Checking In: DJ Mel Saw the Writing on the Wall

Obama-endorsed candidate for best local spinner set the curve

What Mel Cavaricci represents to ATX DJs, Stevie Ray Vaughan once meant to guitar freaks worldwide: Best known – maybe only known – and thus a local embodiment far beyond our borders. Naturally, a tuning fork is rarely ever caught unaware. “I started the Living Room Dance Party in March and it took off,” writes in the UT Men’s Basketball spinderella.

Mel and Jack

Austin Chronicle: Where are you sheltering and under what circumstances? Who else is there and how’s that going?

DJ Mel: I’ve been in quarantine in my home in South Austin since March 9. I am here with my dog, Jack. Overall, it’s been good. When I am not working, I am usually at the house being a homebody, so staying at home is not too much of a problem.

AC: At what point did C-19 shut down operations for you, and what went down with the ship, so to speak, both personally & professionally?

“I was already DJing online for months prior to the pandemic, so I was all ready to go. I started the Living Room Dance Party in March and it took off.”

DJM: Fortunately, the last UT Men’s Basketball home game was on March 7, so the timing was perfect on that. However, SXSW was soon after and a significant amount of gigs and income disappeared with the [festival’s] cancellation. What ensued in the months after was a house of cards collapsing with festival plays, private events, and shows being postponed and eventually cancelling.

Personally, the social component of my work is important, so not being around my colleagues and clients is a bummer.

AC: As a global culture, people employ music for every purpose imaginable, obviously spanning religion to entertainment and everything in between. What happens to communities like ours when people can no longer access it in person?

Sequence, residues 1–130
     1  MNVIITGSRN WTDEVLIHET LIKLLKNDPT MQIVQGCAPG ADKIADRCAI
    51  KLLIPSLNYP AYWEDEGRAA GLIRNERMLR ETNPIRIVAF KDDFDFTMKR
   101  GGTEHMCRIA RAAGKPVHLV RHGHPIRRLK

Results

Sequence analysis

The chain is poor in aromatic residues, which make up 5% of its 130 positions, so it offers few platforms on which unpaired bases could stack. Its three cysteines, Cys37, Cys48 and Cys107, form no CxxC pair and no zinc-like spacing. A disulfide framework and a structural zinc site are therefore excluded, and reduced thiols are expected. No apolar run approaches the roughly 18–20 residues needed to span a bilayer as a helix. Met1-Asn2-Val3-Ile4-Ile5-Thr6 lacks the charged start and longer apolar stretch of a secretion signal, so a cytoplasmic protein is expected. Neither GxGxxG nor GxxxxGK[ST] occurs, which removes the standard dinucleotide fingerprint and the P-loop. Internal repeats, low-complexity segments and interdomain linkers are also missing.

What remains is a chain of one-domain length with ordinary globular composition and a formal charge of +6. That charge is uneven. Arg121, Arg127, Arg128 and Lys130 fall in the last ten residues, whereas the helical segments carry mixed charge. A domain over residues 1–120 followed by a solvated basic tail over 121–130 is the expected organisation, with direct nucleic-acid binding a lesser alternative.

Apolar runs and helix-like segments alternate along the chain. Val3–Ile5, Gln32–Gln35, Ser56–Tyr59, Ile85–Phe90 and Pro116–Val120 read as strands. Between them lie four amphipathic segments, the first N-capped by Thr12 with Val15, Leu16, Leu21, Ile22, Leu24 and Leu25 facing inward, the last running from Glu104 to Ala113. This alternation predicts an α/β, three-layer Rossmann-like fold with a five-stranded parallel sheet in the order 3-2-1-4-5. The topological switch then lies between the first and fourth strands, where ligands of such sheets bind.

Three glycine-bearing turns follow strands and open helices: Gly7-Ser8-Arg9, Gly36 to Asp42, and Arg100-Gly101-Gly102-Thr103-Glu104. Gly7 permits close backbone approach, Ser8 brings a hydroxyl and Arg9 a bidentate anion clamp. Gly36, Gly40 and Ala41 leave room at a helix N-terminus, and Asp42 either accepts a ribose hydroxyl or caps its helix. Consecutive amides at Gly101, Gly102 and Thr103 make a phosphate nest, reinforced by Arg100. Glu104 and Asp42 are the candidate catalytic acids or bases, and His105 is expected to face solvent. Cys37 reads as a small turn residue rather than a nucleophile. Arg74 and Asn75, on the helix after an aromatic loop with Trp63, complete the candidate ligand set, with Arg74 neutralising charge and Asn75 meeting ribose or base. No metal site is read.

DJM: As a community, it forces us to be creative and to think outside of the box. This pandemic has highlighted that nothing is static and we cannot change change, but we can change ourselves. So whether it’s doing things virtually or finessing our way through this situation, it opens a window to new levels of creativity. When we reach the other side, our community will be stronger and wiser.

“This pandemic has highlighted that nothing is static and we cannot change change, but we can change ourselves.”

AC: Everyone’s had to shift or drastically alter their work situation. What does that look like for you?

DJM: I went virtual. I was already DJing online for months prior to the pandemic, so I was all ready to go. I started the Living Room Dance Party in March and it took off.

There was a lot of trial and error. I’ve learned so much since the beginning. I saw the writing on the wall and I doubled down on DJing virtually, investing in equipment and other things to have a presentable show.

I’m glad I made the choice to do this, because this looks like our reality for the unforeseeable future. I am grateful to have created a platform where I can be creative, spotlight charities, and provide folks a brief respite from the pandemic. It’s been a rewarding experience.

AC: What’s your soundtrack for the apocalypse and what role does music play for you as a fan and scholar of it in times of hardship?

DJM: During hard times, I’ve always leaned really hard on music. For better or worse, in a Rob Gordon kind of way. My current rotation is a combination of childhood favorites and new discoveries, from New Order to Girls of the Internet, to Scientist segueing to Sault.

I’m all over the place. I will say though, my dog is partial to dancehall reggae. Music heals and it’s everything.

Check out the entire Checking In series.

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KEYWORDS FOR THIS POST

DJ Mel, Mel Cavaricci, Living Room Dance Party, UT Men’s Basketball, Rob Gordon, New Order, Girls of the Internet, Scientist, Sault, Checking In 2020

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